By: Eleanor Coughlin(she/her/)
Editorial Team Member

One of the hardest things for girls to believe is that they are beautiful.

Society doesn’t like it when women have confidence. Society doesn’t like it when women are able to look in the mirror and be happy about what they see there. There’s hundreds of specific standards that are pushed on girls as soon as they’re able to understand the world around them.  Perfect looking models, celebrities, and social media influencers are the envy of all. There’s makeup products that claim to help ‘make you’ pretty.

I can’t lie, I do feel pretty in makeup. I love wearing eyeliner, because I think it makes me look really cool. But while it’s an amazing thing to feel beautiful in makeup, it’s important to also be able to feel just as beautiful without it.

Luckily, in recent years this has been brought to light more. The body positivity movement has been pushing the idea that you don’t need flawless skin and hair, and that you don’t need to be as skinny as a stick to look good. But still, even with this seemingly positive movement, there’s still a lot of negativity towards women truly feeling beautiful.

Sure, people want girls to feel pretty,  . If we’re too confident in how we look, that means we’re vain, self-absorbed, narcissistic. Society still doesn’t want women to truly think that they’re beautiful.

And much of the time, they don’t need to use makeup or models to make us insecure.

This was something I first noticed when I was in seventh grade, after picture day, when we had gotten our results. I had actually liked my photo. Sure, it wasn’t the best picture of me, but it wasn’t the worst, and I was proud of how it had turned out.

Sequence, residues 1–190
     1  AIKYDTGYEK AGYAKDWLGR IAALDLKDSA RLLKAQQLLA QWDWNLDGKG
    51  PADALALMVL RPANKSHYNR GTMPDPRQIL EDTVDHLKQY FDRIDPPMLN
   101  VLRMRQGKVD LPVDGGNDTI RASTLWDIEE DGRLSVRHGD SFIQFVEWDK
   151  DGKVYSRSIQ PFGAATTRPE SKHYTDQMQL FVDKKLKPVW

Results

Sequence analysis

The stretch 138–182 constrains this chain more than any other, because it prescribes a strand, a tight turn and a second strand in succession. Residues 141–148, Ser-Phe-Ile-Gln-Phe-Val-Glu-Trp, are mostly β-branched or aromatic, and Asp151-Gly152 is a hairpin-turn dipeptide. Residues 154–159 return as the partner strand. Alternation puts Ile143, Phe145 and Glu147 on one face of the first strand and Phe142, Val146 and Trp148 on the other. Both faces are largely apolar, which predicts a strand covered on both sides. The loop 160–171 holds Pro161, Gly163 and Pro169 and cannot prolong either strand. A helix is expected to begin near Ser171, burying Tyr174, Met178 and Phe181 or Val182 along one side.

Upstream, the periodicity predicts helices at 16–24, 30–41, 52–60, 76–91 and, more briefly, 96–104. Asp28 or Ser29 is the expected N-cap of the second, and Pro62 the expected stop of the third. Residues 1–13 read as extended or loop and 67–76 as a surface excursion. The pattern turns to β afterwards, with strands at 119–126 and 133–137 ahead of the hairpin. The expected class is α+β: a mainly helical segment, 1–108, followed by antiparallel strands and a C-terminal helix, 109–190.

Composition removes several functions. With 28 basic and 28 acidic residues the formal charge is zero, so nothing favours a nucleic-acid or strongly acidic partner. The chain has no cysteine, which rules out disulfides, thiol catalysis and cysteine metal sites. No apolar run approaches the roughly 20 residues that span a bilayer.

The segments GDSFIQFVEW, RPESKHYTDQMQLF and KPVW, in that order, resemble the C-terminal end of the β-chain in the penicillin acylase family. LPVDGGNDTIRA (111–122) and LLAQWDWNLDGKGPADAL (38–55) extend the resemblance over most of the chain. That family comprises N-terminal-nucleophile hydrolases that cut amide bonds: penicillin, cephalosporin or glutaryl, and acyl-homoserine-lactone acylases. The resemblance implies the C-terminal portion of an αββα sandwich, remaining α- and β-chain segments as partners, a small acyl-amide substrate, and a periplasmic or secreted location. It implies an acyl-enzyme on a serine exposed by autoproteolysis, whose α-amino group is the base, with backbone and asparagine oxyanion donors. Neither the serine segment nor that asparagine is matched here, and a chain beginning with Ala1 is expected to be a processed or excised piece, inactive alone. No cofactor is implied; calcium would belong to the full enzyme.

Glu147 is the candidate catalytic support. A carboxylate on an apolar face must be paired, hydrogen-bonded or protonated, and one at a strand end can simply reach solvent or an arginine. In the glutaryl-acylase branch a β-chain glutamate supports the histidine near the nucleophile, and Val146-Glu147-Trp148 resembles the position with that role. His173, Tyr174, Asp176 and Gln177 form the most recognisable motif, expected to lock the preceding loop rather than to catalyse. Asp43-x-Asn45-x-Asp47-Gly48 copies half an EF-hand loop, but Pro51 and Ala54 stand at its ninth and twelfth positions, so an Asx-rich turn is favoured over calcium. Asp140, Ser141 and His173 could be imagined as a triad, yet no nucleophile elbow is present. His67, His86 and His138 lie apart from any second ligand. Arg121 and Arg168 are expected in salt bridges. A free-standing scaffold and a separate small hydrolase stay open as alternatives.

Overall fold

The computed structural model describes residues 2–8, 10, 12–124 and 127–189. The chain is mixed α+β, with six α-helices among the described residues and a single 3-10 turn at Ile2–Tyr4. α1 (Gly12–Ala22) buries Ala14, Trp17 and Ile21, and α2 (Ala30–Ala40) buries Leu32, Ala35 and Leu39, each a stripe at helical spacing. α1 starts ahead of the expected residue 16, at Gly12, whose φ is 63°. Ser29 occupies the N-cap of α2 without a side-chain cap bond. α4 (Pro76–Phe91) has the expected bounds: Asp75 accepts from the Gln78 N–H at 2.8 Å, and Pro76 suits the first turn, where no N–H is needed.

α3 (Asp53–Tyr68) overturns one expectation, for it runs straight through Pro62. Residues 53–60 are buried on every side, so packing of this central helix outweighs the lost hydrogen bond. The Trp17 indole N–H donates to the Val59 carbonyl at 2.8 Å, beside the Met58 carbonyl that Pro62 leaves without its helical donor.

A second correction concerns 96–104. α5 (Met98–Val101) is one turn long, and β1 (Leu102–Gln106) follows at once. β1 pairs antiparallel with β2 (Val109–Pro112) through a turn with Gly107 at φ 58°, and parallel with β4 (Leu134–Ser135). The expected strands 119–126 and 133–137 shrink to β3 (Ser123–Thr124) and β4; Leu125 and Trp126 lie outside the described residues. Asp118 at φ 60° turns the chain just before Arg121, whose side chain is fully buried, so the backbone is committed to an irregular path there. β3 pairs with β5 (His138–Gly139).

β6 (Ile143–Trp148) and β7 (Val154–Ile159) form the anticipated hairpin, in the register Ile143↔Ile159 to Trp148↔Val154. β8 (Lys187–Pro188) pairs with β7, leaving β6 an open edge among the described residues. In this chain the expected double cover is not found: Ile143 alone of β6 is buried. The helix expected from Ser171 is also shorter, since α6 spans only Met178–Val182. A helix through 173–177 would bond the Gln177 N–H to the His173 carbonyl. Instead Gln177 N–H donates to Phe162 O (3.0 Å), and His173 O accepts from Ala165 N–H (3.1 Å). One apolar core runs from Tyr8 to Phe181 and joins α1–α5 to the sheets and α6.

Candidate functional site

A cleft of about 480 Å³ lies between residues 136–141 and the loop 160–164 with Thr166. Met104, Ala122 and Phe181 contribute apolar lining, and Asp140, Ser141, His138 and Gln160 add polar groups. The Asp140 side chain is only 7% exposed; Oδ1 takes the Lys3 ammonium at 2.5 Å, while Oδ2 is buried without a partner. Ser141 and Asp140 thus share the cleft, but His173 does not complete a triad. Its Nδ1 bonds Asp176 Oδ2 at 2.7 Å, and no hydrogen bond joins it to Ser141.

But it seemed as if everyone else hated theirs. I had stood in a gaggle of girls complaining about how ugly they were, how horrible they looked in their photo. One girl would complain about how weird her smile looked, and then another girl would reassure her that her smile looked fine. Then that girl who had reassured the first one would point out something bad about her own photo, and it was her turn to be comforted.

I had been taken aback by this, and when it was my turn to speak, I had searched my photo for things that weren’t quite right. Everything else that the other girls had been saying seeped into my brain – their hair, smile, and glasses were crooked, messy, and wrong, and suddenly my hair, smile, and glasses were crooked, messy, and wrong  too.

So I said that, and they all reassured me that it wasn’t true – but how could it not be, when they were the ones who had put those thoughts into my head in the first place?

A group of people insulting your appearance is a common phenomenon. In the movie Mean Girls, Regina, Karen, and Gretchen, the group of ‘mean girls’, all stare into a mirror and point out flaws in each others’ appearances. They then turn to the new girl, Cady, and expect her to say something bad about herself also. She seems a little taken aback, but does it anyway.

We see girls being pitted against girls all the time, but this specific type of attack is unintentional. My friends didn’t mean to make me feel insecure about my picture. They unknowingly pushed their own insecurities onto me.

This unintentional cause of insecurities has been one of the biggest reasons I’ve struggled to look in the mirror and see someone who’s pretty. However, in the past few years, I’ve started to love my looks more and more. The biggest reason for this is that I told myself that I was beautiful.

At some point during my freshman year of high school, instead of looking in the mirror and pointing out all my flaws, I looked in the mirror and told myself that I was beautiful. I would do this every time I looked at myself, even if I didn’t actually believe it. And just like how my insecurities unconsciously seeped into my brain, the idea that I was actually good looking unconsciously seeped into my mind. Eventually, I started actually believing the words that I was telling myself.

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